Sexual violence is the use of sexual actions and words that are unwanted by and/or harmful to another person. Some of these actions are defined as crimes by Minnesota statutes. Some experiences of sexual violence are hurtful violations of personal boundaries but may not rise to the level of a crime. However, that does not diminish the victim’s experience of being harmed. Sexual violence is widespread. Sexual violence is wrong and harmful.
Sexual violence is a term used to include the many types of sexual harm including (but not limited to) sexual assault, child sexual abuse, sexual exploitation, alcohol facilitated sexual assault, and sexual harassment.
Sexual violence is a broad term that covers many actions. There are three different types of sexual violence and
each can overlap with one another.
Visual sexual violence are actions that are based in being seen or watched. Some examples include having sexually explicit posters or images that are in sight of others. A similar example of visual sexual violence is using another person’s sexually explicit images and sharing those images without permission—whether it’s sending it to your friends or posting it to a revenge website.
Verbal sexual violence is anything language based. Catcalling and street harassment are examples of sexual violence that is verbal in nature. Other actions that fall under verbal sexual violence is the use of names to demean groups, especially women, or quid pro quo sexual harassment. Unwanted verbal advances or sexually demeaning comments are also sexual violence.
Physical violence is frequently the most discussed and easily understood form of sexual violence. Rape, assault, or groping are readily identified as sexual violence.
People of all genders and identities experience sexual violence, and people of all genders and identities can cause sexual harm. But people who identify in oppressed social categories might experience higher rates of violence with more barriers to accessing resources. People who commit violence frequently use their power and privilege to do harm. For example, a professor might use their position as the person responsible for your grade to coerce you. A manager may harass their employee, but feel they will see few consequences because of their privilege.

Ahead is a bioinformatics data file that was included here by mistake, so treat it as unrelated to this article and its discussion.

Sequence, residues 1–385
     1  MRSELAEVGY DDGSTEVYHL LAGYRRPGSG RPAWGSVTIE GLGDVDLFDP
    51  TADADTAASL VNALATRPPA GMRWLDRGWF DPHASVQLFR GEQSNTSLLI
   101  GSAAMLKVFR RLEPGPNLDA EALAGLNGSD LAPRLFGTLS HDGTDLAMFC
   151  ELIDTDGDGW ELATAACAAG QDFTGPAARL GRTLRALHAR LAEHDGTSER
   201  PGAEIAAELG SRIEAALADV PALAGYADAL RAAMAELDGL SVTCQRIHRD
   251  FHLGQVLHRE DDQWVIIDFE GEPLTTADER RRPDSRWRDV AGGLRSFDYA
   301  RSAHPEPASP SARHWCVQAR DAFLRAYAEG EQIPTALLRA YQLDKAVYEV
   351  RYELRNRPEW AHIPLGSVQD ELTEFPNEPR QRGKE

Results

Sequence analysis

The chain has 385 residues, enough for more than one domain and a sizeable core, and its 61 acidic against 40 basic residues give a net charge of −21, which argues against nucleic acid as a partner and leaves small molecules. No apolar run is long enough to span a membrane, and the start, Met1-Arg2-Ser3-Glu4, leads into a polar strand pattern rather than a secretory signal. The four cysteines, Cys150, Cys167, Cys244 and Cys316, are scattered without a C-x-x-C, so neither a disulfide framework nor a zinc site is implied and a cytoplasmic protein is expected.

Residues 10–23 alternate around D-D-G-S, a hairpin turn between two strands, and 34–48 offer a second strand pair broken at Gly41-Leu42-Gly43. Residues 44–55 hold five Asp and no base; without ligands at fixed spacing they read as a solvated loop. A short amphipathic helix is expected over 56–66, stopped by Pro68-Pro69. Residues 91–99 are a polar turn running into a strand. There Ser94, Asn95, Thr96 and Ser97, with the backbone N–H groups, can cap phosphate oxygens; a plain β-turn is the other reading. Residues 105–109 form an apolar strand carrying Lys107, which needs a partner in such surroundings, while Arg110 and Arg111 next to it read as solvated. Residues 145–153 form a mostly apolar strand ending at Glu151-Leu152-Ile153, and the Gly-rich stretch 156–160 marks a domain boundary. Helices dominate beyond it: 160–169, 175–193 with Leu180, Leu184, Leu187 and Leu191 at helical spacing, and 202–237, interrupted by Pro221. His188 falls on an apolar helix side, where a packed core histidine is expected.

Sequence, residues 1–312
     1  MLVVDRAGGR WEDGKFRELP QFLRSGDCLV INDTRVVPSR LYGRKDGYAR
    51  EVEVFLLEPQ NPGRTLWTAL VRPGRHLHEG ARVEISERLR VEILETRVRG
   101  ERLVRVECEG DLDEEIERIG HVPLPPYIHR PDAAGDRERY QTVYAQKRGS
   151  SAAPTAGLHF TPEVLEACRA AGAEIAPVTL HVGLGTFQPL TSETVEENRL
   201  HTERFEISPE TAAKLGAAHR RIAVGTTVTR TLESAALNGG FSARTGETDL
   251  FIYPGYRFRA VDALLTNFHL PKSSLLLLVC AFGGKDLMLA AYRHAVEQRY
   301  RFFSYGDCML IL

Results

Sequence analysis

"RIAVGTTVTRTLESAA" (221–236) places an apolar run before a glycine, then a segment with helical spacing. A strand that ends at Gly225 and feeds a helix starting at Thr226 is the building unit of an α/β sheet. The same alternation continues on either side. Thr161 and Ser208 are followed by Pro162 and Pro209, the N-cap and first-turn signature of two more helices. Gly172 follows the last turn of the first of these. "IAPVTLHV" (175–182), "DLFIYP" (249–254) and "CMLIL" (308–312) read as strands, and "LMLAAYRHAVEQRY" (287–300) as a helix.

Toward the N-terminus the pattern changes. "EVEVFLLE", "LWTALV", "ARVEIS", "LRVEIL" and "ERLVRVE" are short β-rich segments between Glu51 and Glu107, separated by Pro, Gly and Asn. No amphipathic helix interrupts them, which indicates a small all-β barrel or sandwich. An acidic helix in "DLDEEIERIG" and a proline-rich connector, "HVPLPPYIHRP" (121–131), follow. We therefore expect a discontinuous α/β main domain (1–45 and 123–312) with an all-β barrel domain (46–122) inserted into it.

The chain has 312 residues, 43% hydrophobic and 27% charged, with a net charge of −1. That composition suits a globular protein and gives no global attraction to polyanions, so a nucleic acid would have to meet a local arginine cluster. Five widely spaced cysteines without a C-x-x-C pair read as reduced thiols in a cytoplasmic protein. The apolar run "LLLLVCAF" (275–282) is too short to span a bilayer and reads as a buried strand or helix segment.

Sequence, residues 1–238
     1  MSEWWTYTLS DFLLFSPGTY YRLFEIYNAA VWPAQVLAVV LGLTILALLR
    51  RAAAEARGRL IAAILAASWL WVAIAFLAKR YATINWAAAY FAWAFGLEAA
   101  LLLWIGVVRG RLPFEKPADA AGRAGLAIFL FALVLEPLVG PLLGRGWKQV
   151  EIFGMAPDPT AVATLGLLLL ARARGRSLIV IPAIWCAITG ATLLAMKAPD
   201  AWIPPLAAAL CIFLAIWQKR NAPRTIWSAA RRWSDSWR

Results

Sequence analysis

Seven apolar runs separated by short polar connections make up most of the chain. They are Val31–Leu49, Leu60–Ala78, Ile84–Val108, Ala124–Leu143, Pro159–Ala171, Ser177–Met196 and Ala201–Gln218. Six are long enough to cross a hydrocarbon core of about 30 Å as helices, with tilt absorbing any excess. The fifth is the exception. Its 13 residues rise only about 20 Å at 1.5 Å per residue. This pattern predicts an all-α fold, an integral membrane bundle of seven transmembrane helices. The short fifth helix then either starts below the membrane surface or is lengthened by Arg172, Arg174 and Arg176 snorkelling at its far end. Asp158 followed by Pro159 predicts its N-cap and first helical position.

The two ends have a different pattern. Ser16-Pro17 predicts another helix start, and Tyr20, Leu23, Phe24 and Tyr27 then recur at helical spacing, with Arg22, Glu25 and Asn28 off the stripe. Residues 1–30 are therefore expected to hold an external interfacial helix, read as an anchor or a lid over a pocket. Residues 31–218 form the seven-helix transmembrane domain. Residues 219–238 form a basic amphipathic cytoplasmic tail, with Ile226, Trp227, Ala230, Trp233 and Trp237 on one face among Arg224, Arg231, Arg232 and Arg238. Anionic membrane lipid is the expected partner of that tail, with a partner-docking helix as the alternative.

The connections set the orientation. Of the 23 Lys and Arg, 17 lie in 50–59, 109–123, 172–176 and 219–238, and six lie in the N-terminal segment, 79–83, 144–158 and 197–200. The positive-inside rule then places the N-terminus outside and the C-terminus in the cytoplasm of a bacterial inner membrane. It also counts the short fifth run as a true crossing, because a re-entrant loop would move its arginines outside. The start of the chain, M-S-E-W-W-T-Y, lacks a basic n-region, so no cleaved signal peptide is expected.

Our social identities influence how and if we decide to report or seek help. For example, someone who is not out as LGBTQ+ may be scared to get help for fear of being outed to family, friends, or the community. A person of color may be fearful reporting due to previous negative experiences with law enforcement. An employee might be afraid to report because their careers depend upon their dissertation committee and advisor. No matter who you are or how you identify, if you’re experienced violence you deserve to find justice and healing.
It’s important to know some of the common responses that a victim/survivor of sexual violence may exhibit. The effects of sexual violence are often wide-ranging. Each person responds in different ways. Most people will experience effects that are physical, emotional, social, or cognitive.
Physical effects might include: changes in weight, eating, or sleeping habits. Some victims/survivors might develop headaches, body aches, or increase their use of substances
Emotional effects might include: depression, anxiety, mood swings, fear, being numb or despondent. Many victims/survivors feel ashamed, angry, or guilty—self-blame happens for many.
Cognitive effects might include: changes in studying or ability to attend classes, changes in ability recall information or concentrate on school or work. Other cognitive effects can include questioning their faith or spirituality or frequent and intrusive thoughts like, “Why me?” or “Did I deserve it?” Self-harm or thoughts of suicide may start or increase.
Social effects include: changes in friendships, withdrawal from usual activities or routines, difficulty with being around others or meeting regular obligations. Some victims/survivors see changes in sexual activities such as more frequent interactions or difficulty with intimacy.
No matter how someone is responding to their sexual violence, it is important to support the victim/survivor. All victims/survivors cope with trauma in unique ways. What matters most is meeting victims/survivors where they are and providing them with support.